Adv. Dinesh Verma
‘Service’ means giving legally required notice to other parties that you have filed papers asking for a court order that may affect them. The court papers can only be delivered in a manner permitted by law, and proof of proper delivery must be filed with the court. But why it is necessary to serve a notice to other parties. Here, in this article we can understand about serving of notice and why it is required.
What is service of Notice?
It is an official document stating that a claim has been served on a party to a legal dispute. A notice of service is often send to a defendant in a legal action, together with a copy of summons (an order requiring a person to appear in court or at an official enquiry). The term used for the giving of information to a person who is entitled to receive it. It needs to be carried out according to law. Service of Notice is the procedure by which a party gives an appropriate Communication to the second party of initiation of legal action.
Service of Communication is an essential step of any process of law. Each law has rules regarding the appropriate mode of service of notice, summon etc.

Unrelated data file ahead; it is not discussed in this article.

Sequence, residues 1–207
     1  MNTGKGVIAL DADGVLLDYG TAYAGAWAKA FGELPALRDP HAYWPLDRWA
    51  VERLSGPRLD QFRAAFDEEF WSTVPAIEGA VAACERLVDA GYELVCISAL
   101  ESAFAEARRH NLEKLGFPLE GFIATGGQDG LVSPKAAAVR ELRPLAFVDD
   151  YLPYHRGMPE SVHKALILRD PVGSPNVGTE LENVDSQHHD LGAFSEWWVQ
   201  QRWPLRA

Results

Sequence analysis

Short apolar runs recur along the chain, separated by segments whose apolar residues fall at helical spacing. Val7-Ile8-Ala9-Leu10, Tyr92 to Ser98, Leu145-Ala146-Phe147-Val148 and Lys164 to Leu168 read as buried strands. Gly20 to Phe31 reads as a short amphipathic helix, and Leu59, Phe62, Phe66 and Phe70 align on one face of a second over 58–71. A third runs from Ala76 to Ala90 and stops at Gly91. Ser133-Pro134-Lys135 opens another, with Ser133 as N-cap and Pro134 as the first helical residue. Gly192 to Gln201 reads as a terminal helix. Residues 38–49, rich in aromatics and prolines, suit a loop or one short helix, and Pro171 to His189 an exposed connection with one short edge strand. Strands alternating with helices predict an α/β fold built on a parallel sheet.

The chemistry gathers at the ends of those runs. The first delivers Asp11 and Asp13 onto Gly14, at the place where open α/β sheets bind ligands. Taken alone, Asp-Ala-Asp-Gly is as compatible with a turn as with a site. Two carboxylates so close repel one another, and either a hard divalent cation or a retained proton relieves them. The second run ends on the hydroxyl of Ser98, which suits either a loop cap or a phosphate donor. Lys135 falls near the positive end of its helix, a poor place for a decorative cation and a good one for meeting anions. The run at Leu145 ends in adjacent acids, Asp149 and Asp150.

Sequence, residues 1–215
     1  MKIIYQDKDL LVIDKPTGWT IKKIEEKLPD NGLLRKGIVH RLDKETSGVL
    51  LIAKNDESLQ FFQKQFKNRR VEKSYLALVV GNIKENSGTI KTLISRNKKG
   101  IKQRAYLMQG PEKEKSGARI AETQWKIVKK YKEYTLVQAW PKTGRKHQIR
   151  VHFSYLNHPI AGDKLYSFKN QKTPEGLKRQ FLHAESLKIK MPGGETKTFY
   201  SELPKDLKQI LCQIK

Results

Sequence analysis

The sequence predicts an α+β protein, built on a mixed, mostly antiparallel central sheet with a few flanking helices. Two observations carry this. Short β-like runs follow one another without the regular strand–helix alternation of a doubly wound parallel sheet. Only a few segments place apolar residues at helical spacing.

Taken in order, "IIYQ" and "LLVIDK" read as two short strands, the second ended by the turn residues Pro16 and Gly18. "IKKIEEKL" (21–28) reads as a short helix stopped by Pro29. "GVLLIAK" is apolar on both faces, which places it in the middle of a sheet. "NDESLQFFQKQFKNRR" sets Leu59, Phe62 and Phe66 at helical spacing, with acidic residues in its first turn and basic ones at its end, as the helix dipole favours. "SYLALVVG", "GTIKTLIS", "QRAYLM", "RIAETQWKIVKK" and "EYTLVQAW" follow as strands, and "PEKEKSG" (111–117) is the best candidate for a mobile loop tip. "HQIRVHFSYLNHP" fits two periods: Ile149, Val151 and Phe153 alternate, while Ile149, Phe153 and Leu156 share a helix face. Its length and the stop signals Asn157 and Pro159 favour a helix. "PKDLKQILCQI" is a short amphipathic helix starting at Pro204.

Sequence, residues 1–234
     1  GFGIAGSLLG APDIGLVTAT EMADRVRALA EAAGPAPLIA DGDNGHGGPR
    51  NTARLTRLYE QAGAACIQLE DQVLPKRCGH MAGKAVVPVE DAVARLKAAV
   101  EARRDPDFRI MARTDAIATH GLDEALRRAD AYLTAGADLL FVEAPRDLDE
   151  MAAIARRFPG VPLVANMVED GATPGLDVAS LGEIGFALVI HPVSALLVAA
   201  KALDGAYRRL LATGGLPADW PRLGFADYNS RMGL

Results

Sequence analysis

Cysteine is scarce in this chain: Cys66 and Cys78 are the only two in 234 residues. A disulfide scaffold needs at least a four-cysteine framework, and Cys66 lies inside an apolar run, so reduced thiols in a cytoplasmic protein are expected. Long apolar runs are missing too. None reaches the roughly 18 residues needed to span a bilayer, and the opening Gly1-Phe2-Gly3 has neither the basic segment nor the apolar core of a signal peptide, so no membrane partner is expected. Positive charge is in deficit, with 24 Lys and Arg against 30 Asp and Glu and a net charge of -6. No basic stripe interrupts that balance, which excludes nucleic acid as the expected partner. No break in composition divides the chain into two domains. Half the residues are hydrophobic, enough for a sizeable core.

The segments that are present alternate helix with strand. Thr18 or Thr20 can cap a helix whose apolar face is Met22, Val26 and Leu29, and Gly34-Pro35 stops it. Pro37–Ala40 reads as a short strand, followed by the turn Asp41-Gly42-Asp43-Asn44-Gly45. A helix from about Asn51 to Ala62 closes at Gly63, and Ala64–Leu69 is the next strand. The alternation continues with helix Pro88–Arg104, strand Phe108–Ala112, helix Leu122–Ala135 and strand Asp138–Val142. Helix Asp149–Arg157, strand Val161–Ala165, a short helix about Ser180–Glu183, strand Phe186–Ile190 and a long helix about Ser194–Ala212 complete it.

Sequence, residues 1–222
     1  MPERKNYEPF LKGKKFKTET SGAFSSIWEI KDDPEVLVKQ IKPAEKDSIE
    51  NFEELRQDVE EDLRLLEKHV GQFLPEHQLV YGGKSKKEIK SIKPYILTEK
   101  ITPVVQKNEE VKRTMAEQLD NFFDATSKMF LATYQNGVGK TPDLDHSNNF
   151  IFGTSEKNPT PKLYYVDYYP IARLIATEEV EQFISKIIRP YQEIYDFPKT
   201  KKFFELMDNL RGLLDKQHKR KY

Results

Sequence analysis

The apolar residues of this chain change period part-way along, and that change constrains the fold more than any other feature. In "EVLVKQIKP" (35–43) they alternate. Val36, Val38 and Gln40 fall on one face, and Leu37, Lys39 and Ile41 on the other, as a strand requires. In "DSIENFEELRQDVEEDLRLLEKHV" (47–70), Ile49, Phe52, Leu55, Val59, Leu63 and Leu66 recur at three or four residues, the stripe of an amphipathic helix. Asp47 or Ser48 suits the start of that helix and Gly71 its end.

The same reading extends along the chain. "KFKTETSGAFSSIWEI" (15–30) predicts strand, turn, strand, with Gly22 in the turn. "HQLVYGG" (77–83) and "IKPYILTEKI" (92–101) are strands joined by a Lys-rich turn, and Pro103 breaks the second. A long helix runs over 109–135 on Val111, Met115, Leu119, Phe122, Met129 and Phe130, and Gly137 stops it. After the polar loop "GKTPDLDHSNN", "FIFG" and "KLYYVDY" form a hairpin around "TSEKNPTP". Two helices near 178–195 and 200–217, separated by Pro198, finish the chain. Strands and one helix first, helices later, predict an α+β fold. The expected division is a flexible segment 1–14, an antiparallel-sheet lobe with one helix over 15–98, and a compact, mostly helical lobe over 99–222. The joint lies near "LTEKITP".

Service of Notice under CGST
Section 169 of CSGST Act, 2017 defines Service of Notice in Certain Circumstances:-
a) Serving directly or by messenger
b) Serving by post
c) Serving by E-mail
d) Serving at GST portal
e) Serving by publication in newspaper
f) Serving by affixing at conspicuous place
a) Serving directly or by messenger
Any decision, order, summons, notice or other communication shall be served by giving or tendering it directly or by a messenger including a courier to
b) Serving by post
By registered post or speed post or courier with acknowledgement due,
(c) Serving by Email